- The Texas Ranger Ideal, Vol 1: Texas Rangers in the Hall of Fame, 1823–1861 by Darren L. Ivey
Two contemporary devices identify a ranger. One is the U.S. Army Ranger tab with a heritage extending as far back as the French and Indian War (1756–1763). The other is the Texas Rangers’ cinco peso badge, the distinctive emblem of Texas’s premier law enforcement arm. Texas commemorates the Ranger legacy at the Texas Ranger Hall of Fame in Waco. Darren Ivey’s The Texas Ranger Ideal, Vol 1: Texas Rangers in the Hall of Fame, 1823–1861 is the first of a three-volume project that will feature the renown of this elite group. The varying definition of a ranger—soldier, police officer, territorial defender—is part of this discussion.
Seven men are included here: Empressario Stephen F. Austin, Jack Hays, Ben McCulloch, William Wallace, Sam Walker, John Ford, and Sul Ross. Only the first was not a ranger. In 1823, Austin (subject of the opening chapter) offered to “employ ten men . . . to act as rangers for the common defense of the Colony” (12), making the Rangers’ original purpose territorial defense instead of law enforcement. Deputized by a district judge in Waco to serve warrants on renegade vigilantes for the murders of Indian allies, John (“Rip”) Ford was having none of it and refused to follow through “on the grounds he was a soldier, not a police officer, and did not have permission from the governor to comply with the judge’s orders” (302).
Because rapidly developing threats amidst widely dispersed settlements could not be countered successfully by a defensive strategy, Rangers had wide latitude to conduct their own operations. Ad hoc companies were formed as dangers suddenly arose, company size varying by mission, duration, and available funding. Officers were elected and led by personal example in lieu of a standardized field manual. Companies typically consisted of one captain and two lieutenants augmented by experienced sergeants. Recruits were provided with very little from the state beyond rations, forage, and a modest salary. They brought their own horse, saddle, blanket, and rifle, but some were issued the most recent innovation, the Colt pistol. Armed with two five-shot revolvers, each Ranger “could deliver ten aimed shots in forty seconds” (74). That, in addition to the rifle each man carried, transformed a frontier ranger company into a formidable dragoon unit.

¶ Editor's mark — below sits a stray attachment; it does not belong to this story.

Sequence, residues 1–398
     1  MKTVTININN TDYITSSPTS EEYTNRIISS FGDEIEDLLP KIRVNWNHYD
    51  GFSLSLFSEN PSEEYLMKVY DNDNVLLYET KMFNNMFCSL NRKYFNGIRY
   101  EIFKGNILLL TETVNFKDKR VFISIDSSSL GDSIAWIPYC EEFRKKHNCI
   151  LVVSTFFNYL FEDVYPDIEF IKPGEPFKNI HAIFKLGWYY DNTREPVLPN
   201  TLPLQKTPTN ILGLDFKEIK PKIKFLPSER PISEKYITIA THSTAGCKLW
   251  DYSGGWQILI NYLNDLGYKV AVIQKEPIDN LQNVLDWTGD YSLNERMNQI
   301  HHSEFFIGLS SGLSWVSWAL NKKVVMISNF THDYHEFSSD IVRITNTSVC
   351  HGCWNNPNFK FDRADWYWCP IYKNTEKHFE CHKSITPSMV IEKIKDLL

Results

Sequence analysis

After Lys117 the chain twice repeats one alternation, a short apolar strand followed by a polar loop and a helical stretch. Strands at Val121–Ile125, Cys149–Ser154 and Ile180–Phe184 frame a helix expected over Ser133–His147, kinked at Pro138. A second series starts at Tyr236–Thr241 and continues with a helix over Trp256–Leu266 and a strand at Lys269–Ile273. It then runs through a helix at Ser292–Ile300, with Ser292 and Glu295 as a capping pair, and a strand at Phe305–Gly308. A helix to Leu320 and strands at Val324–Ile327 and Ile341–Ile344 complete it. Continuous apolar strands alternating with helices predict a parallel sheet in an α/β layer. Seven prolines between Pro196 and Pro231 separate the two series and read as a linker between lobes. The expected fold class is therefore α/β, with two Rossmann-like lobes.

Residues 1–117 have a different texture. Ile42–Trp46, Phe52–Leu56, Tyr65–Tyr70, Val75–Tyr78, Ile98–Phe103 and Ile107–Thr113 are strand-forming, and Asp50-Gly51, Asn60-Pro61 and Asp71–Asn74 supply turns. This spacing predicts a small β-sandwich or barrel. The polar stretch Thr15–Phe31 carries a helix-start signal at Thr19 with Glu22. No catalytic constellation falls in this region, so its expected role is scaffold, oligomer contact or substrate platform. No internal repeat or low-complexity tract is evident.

Ranger Ideal compiles the exploits of seven men who “lived for a time by [End Page 120] the gun on the ragged edge of the frontier” (x). Ivey deliberately avoids romantic stereotypes, recognizing that every society has its own heroes and villains. They might be judged as “ruthless sinners or selfless saints according to one’s own perspective. The objective historian may realize they are neither the mythical hero . . . nor are they the racist brutes of the revisionist” (x). Couched in Ranger Ideal is the heritage of an agency destined to become an altogether different institution than any of these men would imagine.
Historians love well-written books with an abundance of sources. Ivey’s narration is a compelling blend of people, cultures, and eras. Beyond the narrative are 181 pages of endnotes, forty-three pages of bibliography, three pages of Internet and newspaper sources, six pages of public documents sources, and two pages of dissertations and unpublished manuscripts. For the novice and the aficionado wishing to go further, Ivey has marked the path. One wishes he had included maps to clarify relative locations and directions as the narrative moves across Texas and Mexico.
Seven men: all “present at the creation,” all immigrants to Texas. Some were veterans of the war with Mexico and three fought for the Confederacy. One was an empresario, two, surveyors; one, a journalist. The Texas Ranger legacy began with them and Ivey tells it well. Even without the maps.